Way back in September 2012, when I was still gaily gallivanting around in the gorgeous G’s of my collection, I wrote about finding ‘something old, something new‘ in relation to Gershwin’s work.
The same sentiment occurred to me while listening to a concert I went to a couple of days ago with a dear friend (who also happens to be wife of musicalduffer).
We were listening to the Scottish Chamber Orchestra and Chorus perform in Glasgow’s City Halls, which I was visiting for the first time (my friend had been there as a girl many years ago). What a wonderful venue this is – dating back to 1841, it was recently refurbished and re-opened in 2006. The Grand Hall has a ‘shoe-box’ style auditorium, with fabulous acoustics which allowed the music of the orchestra and chorus to sparkle and soar.
The programme? Schumann’s Overture, Scherzo and Finale, Op52 to start – something I had never heard. Followed by Beethoven’s Ninth Symphony in D minor, a work with which I am of course extremely familiar.
The Schumann was described to me by another friend whom I met unexpectedly at the concert as ‘all the best bits of a symphony without having to listen to a long piece’. At approx 20 minutes long, I thought this was rather apt. It was certainly played brilliantly by the SCO, and conducted wonderfully by their new Principal Guest Conductor, Emmanuel Krivine. What a mesmerising conducting manner he has – as entertaining as listening to the music itself.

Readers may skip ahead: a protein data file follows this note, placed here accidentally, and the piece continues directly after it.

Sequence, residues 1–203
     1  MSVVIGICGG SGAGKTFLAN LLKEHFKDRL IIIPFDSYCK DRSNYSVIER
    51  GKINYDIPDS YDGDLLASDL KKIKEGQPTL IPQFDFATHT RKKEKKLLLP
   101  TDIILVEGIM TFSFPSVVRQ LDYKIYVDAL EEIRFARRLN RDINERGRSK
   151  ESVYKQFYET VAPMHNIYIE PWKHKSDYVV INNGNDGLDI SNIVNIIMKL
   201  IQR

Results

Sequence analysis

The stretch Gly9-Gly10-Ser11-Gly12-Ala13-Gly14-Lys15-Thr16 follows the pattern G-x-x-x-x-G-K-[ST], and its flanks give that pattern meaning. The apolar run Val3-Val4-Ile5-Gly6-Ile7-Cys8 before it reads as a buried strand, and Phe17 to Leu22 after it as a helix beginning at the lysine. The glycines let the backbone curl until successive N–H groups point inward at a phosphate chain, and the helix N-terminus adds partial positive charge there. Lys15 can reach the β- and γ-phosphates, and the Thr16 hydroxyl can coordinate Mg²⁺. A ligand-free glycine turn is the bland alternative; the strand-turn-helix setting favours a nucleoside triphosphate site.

Here is a YouTube clip of the Schumann. It was the best I could find, although I must admit the playing is a tad laboured to begin with. But stick with it – it gets much more jolly and uplifting as you go along.
When I got home, I decided to compare this with whatever other of Robert Schumann’s music I had in my collection. Much to my surprise and dismay, I discovered that I had nothing by this giant of the romantic era. So I have broken my own LeapingTracks rules and downloaded an album containing this work, plus all four of his symphonies. I went for the one by John Eliot Gardiner after a bit of research – this seemed to be something of a definitive recording according to the Amazon reviews.
And what of the Beethoven? Well what indeed. is there any time when it is not enjoyable to listen to a bit of old Ludwig’s music? All the more salutary, clichéd though it may be to mention it, to remember that he wrote his later works, such as the 9th, while profoundly deaf.
Here is a clip of the fourth movement of the symphony – the part of the work which includes the chorus and Schiller’s ‘Ode to Joy’ section. You will also find in it a link to the whole 75 minute work. (Here is Wiki’s analysis, and the text.)
As you will see, this version is played by the Vienna Philharmonic Orchestra, conducted by the legendary Leonard Bernstein. It gives a wonderful picture of Bernstein’s conducting and is also a fabulous rendition of the work. The soloists are amazing, as is the orchestra (as you would expect) and the chorus.
So, music old and new. Conductors old and new. A new concert hall to visit. A new download to encourage me back to the old blog again. Life ain’t half bad, is it 🙂